Telling the difference between autism and Asperger’s
Nicole Rinehart receives funding from NHMRC
The Conversation provides independent analysis and commentary from academics and researchers.
We are funded by CSIRO, Melbourne, Monash, RMIT, UTS, UWA, Canberra, CDU, Deakin, Flinders, Griffith, La Trobe, Murdoch, QUT, Swinburne, UniSA, UTAS, UWS and VU.
Founding Partner of The Conversation.
Articles by This Author20 March 2012 Five myths about autism 17 August 2011 One-in-five risk of sibling autismWhile they share some traits, Asperger’s and autism are separate disorders.
Parents often breathe a sigh of relief when their child takes his first step, speaks her first word, and can spontaneously read his mother’s facial expression.
For children with autism, they might take the first step like all other children, but the first word and emotional communication might be a long way off. In some cases, it may never come.
The journey is different for a child with Asperger’s disorder. The first word may be early, followed by an explosion of language. Soon parents start wondering whether he might be gifted.
But these thoughts quickly become sidelined by concern as the child enters school and seems to struggle with friendships, play, and seems rigid and obsessive, despite a fantastic vocabulary.
Parents may become concerned because their child just never seems to be able to hit the mark socially, emotionally, and academically. And there is something unusual about the intensity of the child’s interests which seem to take over their life.
Our current psychiatric manual, the Diagnostic and Statistical Manual (DSM) Fourth Edition, catagorises autism and Asperger’s disorder as separate disorders. This is based on the very different challenges these young people face with language, and cognitive development.
But soon this will change, and the two disorders will be grouped under one umbrella term.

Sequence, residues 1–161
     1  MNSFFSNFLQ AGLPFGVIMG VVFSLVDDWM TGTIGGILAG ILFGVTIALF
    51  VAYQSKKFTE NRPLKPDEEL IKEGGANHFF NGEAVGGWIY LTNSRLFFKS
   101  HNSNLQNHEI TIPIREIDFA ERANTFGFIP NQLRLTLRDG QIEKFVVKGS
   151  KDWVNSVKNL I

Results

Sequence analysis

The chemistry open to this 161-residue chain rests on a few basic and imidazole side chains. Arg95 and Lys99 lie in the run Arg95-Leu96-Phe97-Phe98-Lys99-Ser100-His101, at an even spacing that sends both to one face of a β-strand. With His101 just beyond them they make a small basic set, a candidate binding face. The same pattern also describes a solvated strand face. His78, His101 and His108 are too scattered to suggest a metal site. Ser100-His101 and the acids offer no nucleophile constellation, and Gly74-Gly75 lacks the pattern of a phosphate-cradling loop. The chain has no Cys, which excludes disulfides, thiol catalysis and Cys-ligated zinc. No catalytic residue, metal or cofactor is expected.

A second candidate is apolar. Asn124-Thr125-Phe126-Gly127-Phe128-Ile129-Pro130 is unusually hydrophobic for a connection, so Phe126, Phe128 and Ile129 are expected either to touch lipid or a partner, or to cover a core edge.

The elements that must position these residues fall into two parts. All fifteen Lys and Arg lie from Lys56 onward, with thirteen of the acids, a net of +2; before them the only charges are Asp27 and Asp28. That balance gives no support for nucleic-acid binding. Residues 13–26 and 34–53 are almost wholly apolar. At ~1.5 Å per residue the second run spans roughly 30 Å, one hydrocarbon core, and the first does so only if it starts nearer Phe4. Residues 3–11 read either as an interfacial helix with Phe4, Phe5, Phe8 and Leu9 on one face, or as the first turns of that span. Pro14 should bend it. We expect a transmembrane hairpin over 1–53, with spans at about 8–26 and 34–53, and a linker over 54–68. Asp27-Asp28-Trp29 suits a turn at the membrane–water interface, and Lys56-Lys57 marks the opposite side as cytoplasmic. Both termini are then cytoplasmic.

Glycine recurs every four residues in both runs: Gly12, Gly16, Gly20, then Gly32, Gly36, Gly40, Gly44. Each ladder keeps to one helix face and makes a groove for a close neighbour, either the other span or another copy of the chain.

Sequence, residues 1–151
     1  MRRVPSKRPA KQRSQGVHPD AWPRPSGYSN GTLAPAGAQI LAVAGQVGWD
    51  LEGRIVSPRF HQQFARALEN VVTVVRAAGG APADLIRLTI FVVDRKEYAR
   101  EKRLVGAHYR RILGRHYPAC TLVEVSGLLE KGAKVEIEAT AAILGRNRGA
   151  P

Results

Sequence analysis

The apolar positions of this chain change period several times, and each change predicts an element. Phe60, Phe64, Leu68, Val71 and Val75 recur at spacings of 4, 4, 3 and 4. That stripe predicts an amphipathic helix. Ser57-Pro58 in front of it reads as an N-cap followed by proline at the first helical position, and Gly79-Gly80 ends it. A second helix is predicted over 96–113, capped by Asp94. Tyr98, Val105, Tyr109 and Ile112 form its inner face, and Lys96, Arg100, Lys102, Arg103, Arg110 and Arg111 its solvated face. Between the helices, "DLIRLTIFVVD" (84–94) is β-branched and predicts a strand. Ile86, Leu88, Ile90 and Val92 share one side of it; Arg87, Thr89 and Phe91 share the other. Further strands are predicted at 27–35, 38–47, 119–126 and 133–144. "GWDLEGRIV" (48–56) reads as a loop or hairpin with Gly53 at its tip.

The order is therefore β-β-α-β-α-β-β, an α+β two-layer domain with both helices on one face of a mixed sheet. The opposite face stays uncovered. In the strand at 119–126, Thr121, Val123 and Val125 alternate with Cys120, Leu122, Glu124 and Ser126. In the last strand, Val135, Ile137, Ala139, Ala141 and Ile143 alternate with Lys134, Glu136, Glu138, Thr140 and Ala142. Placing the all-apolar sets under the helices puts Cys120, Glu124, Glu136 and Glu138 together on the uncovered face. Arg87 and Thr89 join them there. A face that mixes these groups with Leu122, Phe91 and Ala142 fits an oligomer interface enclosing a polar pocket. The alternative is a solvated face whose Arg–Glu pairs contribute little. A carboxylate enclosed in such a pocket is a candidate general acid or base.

Understanding the difference
There is no clear biomarker or genetic test which can define or separate autism and Asperger’s disorder.
With some families' diagnostic journey beginning in late primary school or even in secondary school, differentiating between autism and Asperger’s disorder can be difficult.
In the absence of an extensive developmental history of language and social development, two normally intelligent young people, one with autism, the other with Asperger’s disorder, both presenting with social difficulties, and a history of repetitive, stereotyped behaviour, may appear to have the same struggles.
The common challenges and interests may even be the bedrock for a wonderful friendship between a child with autism and Asperger’s disorder.
The dilemma with this differentiation has fuelled a debate in clinical and academic circles spanning two decades: are autism and Asperger’s disorder the same disorder and should be “lumped” together diagnostically, or should we continue to “split” them.
To overcome the clinical confusion between a diagnosis of autism and Asperger’s disorder, the working party for the Fifth Edition of the Diagnostic and Statistical Manual has recommended that Asperger’s disorder be incorporated with autism under the category of Autism Spectrum Disorders (ASDs).
Origins of autism and Asperger’s
Autism was first described by Leo Kanner in 1943 when he studied 11 children who seemed to relate better to objects than people.
Kanner said if these children eventually developed language skills, it was likely to be characterised by echolalia (repetition of words or syllables), pronoun reversal (referring to themselves as others have referred to them), and concreteness.